No reason to believe in 'Happily N'Ever After'
I'll keep this short. "Happily N'Ever After" is the latest computer-animated stepchild of "Shrek," a pallidly "hip" revision of classic fairy tales that would be better told straight up if anyone had the nerve. It will divert small children, but so will a brightly colored object if you twirl it.
Like last year's "Hoodwinked" -- which looks like "Citizen Kane" next to this -- "Happily" is set in the land of make-believe on a bad day. The wizard who oversees the happy-ending machinery (voiced by George Carlin, not given nearly enough to do) goes on vacation, leaving in charge his sorcerer's apprentices, dutiful Munk (Wallace Shawn) and mischievous Mambo (Andy Dick).
They gum up the works and suddenly all the fairy tales are ending miserably, which is fine for the Wicked Stepmother (Sigourney Weaver), who has always lusted for power. Against her are the tomboyish Cinderella (Sarah Michelle Gellar) and the handsome castle servant Rick (Freddie Prinze Jr.), supplying the necessary heroism in place of idiot Prince Humperdink (Patrick Warburton).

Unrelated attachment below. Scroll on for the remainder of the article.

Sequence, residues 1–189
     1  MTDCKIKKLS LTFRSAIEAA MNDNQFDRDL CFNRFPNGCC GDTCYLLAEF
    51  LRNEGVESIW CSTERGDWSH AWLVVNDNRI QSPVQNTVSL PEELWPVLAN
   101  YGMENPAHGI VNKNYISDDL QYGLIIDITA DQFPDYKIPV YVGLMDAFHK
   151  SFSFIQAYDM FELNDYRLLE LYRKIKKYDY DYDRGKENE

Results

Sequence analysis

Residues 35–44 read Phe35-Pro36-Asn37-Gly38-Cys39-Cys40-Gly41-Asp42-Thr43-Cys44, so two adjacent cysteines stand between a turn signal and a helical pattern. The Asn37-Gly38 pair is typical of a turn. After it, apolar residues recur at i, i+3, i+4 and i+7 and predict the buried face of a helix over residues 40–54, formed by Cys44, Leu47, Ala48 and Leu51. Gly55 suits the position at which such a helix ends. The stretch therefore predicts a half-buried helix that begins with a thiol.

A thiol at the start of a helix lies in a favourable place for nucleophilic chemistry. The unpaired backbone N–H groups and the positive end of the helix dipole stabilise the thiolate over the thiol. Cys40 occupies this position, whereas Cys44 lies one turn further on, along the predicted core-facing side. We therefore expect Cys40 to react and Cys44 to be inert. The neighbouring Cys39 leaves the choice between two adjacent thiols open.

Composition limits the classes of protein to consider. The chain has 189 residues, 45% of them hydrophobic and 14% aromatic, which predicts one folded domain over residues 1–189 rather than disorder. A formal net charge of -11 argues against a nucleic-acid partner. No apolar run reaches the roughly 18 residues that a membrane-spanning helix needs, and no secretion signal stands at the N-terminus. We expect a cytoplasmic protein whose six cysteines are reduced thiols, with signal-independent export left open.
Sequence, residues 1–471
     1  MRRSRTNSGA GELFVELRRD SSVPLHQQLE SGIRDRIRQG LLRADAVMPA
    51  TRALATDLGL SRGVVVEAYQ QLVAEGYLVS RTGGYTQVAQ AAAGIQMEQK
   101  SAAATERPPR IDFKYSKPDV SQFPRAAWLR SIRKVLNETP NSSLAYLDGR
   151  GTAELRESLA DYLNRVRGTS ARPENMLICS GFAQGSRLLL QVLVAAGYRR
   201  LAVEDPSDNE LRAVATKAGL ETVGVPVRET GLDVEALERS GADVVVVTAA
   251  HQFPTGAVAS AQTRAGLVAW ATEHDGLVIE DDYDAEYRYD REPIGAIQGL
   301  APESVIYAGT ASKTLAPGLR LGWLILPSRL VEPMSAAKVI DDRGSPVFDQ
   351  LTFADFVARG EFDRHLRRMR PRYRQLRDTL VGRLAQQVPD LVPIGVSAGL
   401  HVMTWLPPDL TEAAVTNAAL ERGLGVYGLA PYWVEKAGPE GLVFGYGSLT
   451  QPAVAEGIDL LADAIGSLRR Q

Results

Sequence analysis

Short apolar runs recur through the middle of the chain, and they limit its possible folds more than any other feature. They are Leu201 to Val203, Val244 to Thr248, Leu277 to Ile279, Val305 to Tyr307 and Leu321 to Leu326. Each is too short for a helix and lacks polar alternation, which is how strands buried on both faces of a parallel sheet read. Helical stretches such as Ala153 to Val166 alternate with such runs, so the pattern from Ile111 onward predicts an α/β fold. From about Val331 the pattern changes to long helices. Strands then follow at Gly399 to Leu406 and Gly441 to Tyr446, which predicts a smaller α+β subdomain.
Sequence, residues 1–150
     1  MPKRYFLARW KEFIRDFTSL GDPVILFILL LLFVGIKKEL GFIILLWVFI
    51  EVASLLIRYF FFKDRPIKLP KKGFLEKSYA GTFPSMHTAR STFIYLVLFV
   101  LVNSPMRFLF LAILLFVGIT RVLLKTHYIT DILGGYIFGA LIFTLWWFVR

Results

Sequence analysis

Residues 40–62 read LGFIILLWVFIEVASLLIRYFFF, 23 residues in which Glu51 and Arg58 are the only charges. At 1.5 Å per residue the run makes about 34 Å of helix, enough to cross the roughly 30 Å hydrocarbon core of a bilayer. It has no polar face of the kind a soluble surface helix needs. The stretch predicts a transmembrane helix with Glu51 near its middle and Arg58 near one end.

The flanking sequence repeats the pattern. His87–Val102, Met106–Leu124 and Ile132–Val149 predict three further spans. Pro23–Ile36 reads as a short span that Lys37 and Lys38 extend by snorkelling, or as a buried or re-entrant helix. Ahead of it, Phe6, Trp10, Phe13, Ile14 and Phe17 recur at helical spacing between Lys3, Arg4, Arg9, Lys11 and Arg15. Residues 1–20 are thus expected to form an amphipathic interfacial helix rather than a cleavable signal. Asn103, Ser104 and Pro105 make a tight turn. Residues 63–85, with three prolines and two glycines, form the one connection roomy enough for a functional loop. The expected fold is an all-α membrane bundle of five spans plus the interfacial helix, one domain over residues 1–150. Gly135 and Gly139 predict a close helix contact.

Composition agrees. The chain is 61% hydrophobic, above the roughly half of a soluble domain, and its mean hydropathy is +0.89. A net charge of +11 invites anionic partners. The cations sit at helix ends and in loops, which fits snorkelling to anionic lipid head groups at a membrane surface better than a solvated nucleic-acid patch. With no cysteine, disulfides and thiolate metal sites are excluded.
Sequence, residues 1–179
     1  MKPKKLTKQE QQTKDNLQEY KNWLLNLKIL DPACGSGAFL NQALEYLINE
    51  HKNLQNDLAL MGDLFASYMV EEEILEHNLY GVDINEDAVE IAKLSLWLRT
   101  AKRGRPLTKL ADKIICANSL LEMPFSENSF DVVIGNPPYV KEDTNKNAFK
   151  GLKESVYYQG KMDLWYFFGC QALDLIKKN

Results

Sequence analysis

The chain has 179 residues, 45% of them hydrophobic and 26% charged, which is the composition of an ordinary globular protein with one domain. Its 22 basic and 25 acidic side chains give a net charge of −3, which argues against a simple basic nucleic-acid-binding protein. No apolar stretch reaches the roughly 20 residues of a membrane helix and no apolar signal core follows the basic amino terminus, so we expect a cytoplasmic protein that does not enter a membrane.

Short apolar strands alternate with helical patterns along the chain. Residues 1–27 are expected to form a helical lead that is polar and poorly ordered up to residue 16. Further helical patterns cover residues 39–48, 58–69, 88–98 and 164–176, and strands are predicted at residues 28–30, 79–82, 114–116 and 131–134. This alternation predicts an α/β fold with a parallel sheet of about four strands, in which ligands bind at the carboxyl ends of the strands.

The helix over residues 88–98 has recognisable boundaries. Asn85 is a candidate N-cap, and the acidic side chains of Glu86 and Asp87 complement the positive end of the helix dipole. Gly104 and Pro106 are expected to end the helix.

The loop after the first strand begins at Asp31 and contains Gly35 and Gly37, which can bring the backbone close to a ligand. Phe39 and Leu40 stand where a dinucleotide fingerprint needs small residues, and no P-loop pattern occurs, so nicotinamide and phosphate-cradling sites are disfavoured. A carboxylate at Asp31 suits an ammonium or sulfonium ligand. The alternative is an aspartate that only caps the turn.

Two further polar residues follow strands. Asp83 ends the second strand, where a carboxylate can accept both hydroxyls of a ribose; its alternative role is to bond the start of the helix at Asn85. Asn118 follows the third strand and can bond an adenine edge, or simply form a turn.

"Happily N'Ever After" is a co-production between the L A -based Vanguard Films and the German animation company Berlin Animated Films, and it is one ugly sucker. The film aims for sassy but lands in soggy, the victim of lazy scripting and pacing. One comes away remembering only Weaver's oddly sexy Wicked Stepmother, which probably wasn't the intended effect.
A throwback to the weird international B-movies that played Saturday matinees when some of us were kids, "Happily" is only appearing in theaters on its way to DVD, where adults will be able to safely ignore it. That should suit the mother sitting a few seats over from me, who slept through the movie while her children rioted with the fidgets.